The Case for Doing Nothing

This is not my favorite time of year. The weather is terrible. The excitement of the holidays is over. No more great deals online. No more cheesy Hallmark movies. The Christmas lights on the house--those ones that looked so pretty and festive last month--overnight morphed into a twinkling little chore as you realized they must come down.

But the worst part of this time of year, to me anyway, is all of the resolution talk. Things you should be doing that you're not. Things you enjoy doing that you need to stop. I get e-newsletters every day, multiple times a day, about how to set resolutions that will stick; about how to make sure that this December I don't feel like a failure because I didn't...well...fill in the blank with whatever should nags at you each year. And it's exhausting. It's exhausting to feel like no matter how much you're doing, you should be doing more. 

So, I don't make resolutions.

Don't get me wrong, I'm all for making your life better if you feel like there's some facet of it that's unhealthy or unbalanced. If there are things that you know you want to do or improve or change because you see a life that's happier or healthier that way, go for it.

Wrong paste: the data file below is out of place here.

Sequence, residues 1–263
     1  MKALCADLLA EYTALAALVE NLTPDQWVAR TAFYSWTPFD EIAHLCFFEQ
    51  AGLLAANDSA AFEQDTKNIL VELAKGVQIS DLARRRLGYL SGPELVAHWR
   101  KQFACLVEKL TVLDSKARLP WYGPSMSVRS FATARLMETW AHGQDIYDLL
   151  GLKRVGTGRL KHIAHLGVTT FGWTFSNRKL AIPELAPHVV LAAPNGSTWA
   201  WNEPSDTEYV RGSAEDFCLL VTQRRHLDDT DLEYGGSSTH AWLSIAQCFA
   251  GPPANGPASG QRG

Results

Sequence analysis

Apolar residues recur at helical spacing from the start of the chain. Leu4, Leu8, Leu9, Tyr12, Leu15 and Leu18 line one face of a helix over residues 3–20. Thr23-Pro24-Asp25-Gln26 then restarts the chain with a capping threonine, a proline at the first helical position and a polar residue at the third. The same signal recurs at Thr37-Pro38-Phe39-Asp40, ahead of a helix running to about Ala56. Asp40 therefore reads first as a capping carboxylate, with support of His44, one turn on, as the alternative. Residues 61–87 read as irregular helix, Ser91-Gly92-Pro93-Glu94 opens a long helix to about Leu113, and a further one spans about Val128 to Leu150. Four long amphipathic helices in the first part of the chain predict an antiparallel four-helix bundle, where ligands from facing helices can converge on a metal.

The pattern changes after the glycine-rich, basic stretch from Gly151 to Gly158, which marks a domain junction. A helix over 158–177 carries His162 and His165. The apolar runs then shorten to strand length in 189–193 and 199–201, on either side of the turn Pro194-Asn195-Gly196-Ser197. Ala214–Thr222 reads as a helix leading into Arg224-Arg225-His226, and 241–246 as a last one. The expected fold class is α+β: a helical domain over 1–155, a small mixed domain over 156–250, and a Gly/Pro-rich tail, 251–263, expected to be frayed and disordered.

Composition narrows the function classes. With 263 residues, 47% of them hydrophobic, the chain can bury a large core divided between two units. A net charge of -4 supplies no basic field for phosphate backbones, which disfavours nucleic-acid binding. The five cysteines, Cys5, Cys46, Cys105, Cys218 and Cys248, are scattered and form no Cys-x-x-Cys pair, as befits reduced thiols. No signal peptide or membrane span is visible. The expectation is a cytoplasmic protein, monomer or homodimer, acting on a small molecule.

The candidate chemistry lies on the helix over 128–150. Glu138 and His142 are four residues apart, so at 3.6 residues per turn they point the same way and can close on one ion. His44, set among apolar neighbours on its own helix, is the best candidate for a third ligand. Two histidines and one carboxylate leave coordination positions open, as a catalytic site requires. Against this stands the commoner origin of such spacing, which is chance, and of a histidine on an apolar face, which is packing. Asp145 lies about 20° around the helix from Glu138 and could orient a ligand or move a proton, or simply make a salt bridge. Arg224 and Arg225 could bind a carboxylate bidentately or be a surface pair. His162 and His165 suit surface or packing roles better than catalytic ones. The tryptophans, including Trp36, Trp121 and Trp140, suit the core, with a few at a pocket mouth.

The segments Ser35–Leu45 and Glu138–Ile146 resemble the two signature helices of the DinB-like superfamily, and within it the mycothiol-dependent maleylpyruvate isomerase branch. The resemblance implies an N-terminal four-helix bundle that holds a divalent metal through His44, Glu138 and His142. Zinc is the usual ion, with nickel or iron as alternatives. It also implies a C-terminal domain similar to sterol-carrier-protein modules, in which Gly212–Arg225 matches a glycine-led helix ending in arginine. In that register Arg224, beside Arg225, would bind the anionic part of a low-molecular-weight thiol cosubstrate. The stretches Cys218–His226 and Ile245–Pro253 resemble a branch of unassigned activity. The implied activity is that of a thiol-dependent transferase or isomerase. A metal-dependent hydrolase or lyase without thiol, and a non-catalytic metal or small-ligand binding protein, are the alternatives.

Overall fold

But what I'm not all in for is resolving to do more for the sake of doing more. Resolving for resolving's sake.

Of pressuring ourselves and others to make grand sweeping proclamations, not because they bring us something we value, but because everyone is doing it. Resolving for January's sake.

Of distracting ourselves with tasks from the time we wake until the time we fall asleep, such that we rob ourselves of the peace, self-awareness and insight that often comes from time spent being quiet. Resolving for avoidance's sake.

I guess what I'm saying is that in this time of New-Year-New-You talk, it's okay to decide not to buy-in. To decide that you're going to give yourself the space and quiet you need to determine what, if anything, is worthy of change in your life. To decide that anytime is a good time to do more of what brings you joy--January doesn't have a monopoly on that.